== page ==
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translation by Thomas Twyne, under the title 'The Breviary of Britain,' was published in 1573 (London, 8vo), and was reprinted with separate title-page and pagination at the end of John Lewis's 'History of Great Britain,' London, 1729, fol. A handsome edition of Nos. 2 and 3 (limited to six copies), edited by Moses Williams, was also published in 1723 and 1731, London, 4to (Rowlands, Cambrian Bibliography). 4. An English translation by Llwyd of a version of 'Brut y Tywysogion,' ascribed to Caradoc of Llancarvan, to which is prefixed a tract entitled 'The Description of Cambria,' written by Sir John Price of Brecon, and considerably enlarged by Llwyd, is preserved in the British Museum (Cottonian MS. Caligula, A. vi.) A note in Llwyd's autograph fixed the date at which it was completed as 17 July 1559. A copy came into the possession of Sir Henry Sidney, lord president of the marches of Wales, at whose request it was printed, under the title 'The Historie of Cambria, now called Wales … Corrected, augmented, and continued by David Powel,' London, 1584, 4to (cf. Strype, Annals, iii. i. 415). A new edition was brought out in 1697 by William Wynne, London, 8vo, and five subsequent reprints of it have appeared (ib. pp. 260, 618). 5. 'The Ivgemēt of Oryne,' London, 1553, 8vo, being a translation from Vassreus's 'De Judiciis Urinarum Tractatus,' Paris, 1548, 8vo. 6. 'The Treasury of Health,' London, 1585, 8vo, being a translation of 'Thesaurus Pauperum Petri Hispani,' to which Llwyd has added 'The Causes and Signs of every Disease, with Aphorisms of Hippocrates. 7. 'Cambriæ Typus,' which is one of the earliest known maps of Wales. Copies of it are preserved at the British Museum and the Cardiff Museum. Considerable materials for a life of Llwyd, as well as of Edward Llwyd, had been collected by William Huddesford [q. v.], but his premature death prevented their publication (Nichols, Literary Illustrations, i. 586, vi. 474).

A near relative of Llwyd, according to Wood (Athenæ, i. 738-9), was Llwyd or Lloyd, John (1558?-1603), a native of Denbigh, who was educated at Winchester College, and matriculated at Oxford on 20 Dec. 1577, as a scholar of New College, being then nineteen years of age. He was elected fellow in 1579, and proceeded B.A. on 6 April 1581, M.A. on 20 Jan. 1584-5, B.D. on 5 July 1592, D.D. on 10 Nov. 1595. He acted as proctor for 1591, and became vicar of Writtle in Essex in 1598, where he died in 1603. He is described as an 'eminent preacher' and 'an excellent Grecian,' being held 'in high esteem… for his rare learning and excellent way of preaching.' He was the author of an edition of Josephus's 'De Maccabæis … cum Latina interpretatione ac notis,' Oxford, 1590, 12mo, described as 'more corrected and compleat than ever before.' He also published a Greek and Latin edition of Barlaamus's 'De Papæ Principatu,' Oxford, 1592, 8vo (Wood, loc. cit.; Foster, Alumni Oxon.; Kirby, Winchester Scholars, p. 146).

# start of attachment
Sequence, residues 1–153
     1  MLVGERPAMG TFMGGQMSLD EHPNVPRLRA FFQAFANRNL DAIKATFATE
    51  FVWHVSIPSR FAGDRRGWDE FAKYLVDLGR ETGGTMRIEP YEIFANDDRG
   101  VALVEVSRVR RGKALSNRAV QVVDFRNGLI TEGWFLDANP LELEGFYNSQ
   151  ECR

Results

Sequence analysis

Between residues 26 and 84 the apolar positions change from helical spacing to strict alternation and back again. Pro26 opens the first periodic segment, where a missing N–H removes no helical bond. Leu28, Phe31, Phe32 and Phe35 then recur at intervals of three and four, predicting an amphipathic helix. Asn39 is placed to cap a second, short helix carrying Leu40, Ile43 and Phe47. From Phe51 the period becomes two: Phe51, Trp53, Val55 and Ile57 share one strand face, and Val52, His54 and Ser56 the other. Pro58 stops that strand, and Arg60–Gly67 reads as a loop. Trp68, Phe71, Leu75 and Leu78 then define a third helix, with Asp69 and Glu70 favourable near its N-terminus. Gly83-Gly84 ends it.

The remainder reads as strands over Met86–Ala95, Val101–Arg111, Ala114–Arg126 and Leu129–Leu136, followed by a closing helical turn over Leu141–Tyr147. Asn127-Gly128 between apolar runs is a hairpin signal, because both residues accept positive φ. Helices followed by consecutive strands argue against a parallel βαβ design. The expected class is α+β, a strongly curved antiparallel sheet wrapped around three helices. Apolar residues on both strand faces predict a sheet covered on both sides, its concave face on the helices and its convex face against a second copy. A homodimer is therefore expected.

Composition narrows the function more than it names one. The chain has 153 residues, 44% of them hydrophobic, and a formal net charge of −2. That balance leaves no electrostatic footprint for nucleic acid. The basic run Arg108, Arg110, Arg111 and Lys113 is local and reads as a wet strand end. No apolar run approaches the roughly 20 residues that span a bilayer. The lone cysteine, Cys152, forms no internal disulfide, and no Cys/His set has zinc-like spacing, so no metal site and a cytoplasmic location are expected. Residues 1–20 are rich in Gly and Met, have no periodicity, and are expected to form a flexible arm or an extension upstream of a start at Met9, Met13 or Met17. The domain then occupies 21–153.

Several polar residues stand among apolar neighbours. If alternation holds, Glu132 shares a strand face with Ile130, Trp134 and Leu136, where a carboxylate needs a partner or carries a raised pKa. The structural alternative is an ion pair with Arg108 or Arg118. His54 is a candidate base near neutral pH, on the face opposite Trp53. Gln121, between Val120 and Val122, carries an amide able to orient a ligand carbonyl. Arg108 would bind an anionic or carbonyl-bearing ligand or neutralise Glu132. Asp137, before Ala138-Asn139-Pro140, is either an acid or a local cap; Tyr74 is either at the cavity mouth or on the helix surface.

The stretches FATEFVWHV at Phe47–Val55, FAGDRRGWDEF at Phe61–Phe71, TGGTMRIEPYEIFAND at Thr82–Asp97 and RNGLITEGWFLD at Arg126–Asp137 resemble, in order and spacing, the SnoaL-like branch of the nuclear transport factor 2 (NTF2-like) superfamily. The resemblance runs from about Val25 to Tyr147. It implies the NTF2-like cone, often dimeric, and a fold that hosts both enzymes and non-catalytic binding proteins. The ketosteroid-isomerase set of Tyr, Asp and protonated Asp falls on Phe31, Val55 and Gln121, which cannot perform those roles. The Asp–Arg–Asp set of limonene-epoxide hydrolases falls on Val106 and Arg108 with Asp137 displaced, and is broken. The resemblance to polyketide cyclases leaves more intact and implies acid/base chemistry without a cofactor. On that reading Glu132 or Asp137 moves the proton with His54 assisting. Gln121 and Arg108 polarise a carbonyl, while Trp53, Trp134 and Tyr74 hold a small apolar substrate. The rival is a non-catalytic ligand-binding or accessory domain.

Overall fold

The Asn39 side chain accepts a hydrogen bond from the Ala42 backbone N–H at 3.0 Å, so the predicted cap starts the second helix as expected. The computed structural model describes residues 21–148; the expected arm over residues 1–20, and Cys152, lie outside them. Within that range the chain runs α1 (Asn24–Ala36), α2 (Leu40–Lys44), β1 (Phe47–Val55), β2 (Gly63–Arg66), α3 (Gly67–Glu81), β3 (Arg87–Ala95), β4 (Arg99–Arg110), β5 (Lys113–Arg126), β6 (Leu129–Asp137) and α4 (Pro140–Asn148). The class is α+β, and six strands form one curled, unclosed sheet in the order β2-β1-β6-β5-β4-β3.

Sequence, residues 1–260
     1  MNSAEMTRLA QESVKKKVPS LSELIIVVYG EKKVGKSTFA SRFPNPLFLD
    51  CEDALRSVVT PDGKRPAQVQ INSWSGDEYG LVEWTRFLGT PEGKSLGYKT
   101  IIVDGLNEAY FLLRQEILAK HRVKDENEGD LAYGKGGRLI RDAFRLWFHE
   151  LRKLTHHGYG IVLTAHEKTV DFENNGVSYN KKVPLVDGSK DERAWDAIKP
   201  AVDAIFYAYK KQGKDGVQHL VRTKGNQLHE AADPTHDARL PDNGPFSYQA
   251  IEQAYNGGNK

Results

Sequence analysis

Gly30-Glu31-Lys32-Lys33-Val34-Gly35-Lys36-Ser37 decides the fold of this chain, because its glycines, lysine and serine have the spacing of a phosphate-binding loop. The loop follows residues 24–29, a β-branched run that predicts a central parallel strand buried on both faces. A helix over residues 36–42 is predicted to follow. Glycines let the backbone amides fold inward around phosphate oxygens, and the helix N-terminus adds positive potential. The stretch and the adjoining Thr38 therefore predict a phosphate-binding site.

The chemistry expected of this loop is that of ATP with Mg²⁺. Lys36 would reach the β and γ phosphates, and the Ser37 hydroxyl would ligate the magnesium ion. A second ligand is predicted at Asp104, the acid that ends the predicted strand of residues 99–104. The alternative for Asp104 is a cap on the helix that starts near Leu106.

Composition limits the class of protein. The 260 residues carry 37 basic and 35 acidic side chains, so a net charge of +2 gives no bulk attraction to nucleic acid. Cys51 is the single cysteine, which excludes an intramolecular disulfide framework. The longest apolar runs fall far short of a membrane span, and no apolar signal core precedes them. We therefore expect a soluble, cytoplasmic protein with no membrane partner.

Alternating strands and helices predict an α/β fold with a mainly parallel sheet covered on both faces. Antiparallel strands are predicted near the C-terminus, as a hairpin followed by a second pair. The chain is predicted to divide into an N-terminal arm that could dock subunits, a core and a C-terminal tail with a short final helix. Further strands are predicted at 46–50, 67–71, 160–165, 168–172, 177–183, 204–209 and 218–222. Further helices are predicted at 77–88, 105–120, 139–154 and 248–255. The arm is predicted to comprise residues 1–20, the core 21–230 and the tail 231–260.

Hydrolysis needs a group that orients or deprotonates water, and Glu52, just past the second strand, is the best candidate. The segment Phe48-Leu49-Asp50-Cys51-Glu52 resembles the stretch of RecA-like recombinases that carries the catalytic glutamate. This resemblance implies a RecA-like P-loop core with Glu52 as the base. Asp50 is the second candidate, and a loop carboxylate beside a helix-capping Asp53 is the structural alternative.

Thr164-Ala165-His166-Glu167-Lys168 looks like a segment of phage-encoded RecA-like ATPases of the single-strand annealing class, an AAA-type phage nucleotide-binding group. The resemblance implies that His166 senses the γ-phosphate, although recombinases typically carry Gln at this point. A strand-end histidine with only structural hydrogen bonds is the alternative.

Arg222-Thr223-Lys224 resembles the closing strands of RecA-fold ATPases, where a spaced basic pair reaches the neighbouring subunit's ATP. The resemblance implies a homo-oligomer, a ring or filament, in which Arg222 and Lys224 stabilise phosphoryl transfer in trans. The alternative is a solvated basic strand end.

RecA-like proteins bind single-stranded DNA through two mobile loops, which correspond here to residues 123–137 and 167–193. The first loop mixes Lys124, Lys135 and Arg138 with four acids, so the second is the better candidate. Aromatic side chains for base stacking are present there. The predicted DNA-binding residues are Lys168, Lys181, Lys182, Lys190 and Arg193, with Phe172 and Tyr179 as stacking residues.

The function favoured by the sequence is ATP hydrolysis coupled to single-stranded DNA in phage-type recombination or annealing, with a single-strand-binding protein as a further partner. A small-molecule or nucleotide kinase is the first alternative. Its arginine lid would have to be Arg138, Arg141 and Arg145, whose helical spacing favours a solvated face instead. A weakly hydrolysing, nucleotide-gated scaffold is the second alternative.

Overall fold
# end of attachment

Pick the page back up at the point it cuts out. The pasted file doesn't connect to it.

[In addition to the works cited, the following are the chief authorities: Wood's Athenæ, i. 382-384; Fasti, i. 125, 132; Foster's Alumni Oxon. p. 925; Eccles. Lond. Batav. Archivum, tom. i. ed. Hessels, Nos. 27, 31, 34, 42, 67; Yorke's Royal Tribes of Wales, ed. 1887, pp. 43, 104-6; Pennant's Tour in Wales; Hist. of Holywell; Parry's Cambrian Plutarch; Rowlands's Cambrian Bibliography (under date of the several publications).]

D. Ll. T.

LLWYD, MORGAN (1619–1659), Welsh puritan divine and mystic writer, came from a family of yeomen of that name settled at Cynfael in the parish of Maentwrog, Merionethshire, where he was born in 1619. His birthplace being in the old province of Gwynedd,he became known as 'Morgan Llwyd o Wynedd' (or' from Gwynedd'). He was either a grandson or nephew of Hugh Llwyd [q. v.], and probably received his early education at the free school at Wrexham, Denbighshire. During the civil war he was engaged, perhaps as a chaplain, with the parliamentary forces in England, and spent some time at Gloucester. About 1646 the vicar of Wrexham was ejected, and Llwyd is believed to have been installed in his place (Thomas, Hist. of St. Asaph, p. 857); but about the same time he also founded a nonconformist or independent church in the place, of which he became first minister. He was appointed one of the approvers of public preachers under the act for the propagation of the gospel in Wales, passed 2 Feb. 1649-50 (Rees, Protestant Nonconformity in Wales, pp. 74, 108-10, 513). An order in council was made on 16 Oct. 1656 instructing the trustees for the maintenance of ministers to increase his salary to 100l. a year (Cal. State Papers, Dom. Ser.) Towards the end of his life, owing to his strained relations with the presbyterians, who were dominant in the parish, he ceased to be vicar. He died on 3 June 1659, and was buried in the 'Dissenters' graveyard' in Rhos-ddu Road, near Wrexham, where a stone, with the letters 'M. L1.,' was to be seen until recently (Hughes, Hanes Methodistiaeth Cymru, i. 38). He engaged in preaching tours outside his own neighbourhood, and was thus the means of founding some of the earliest nonconformist churches in North

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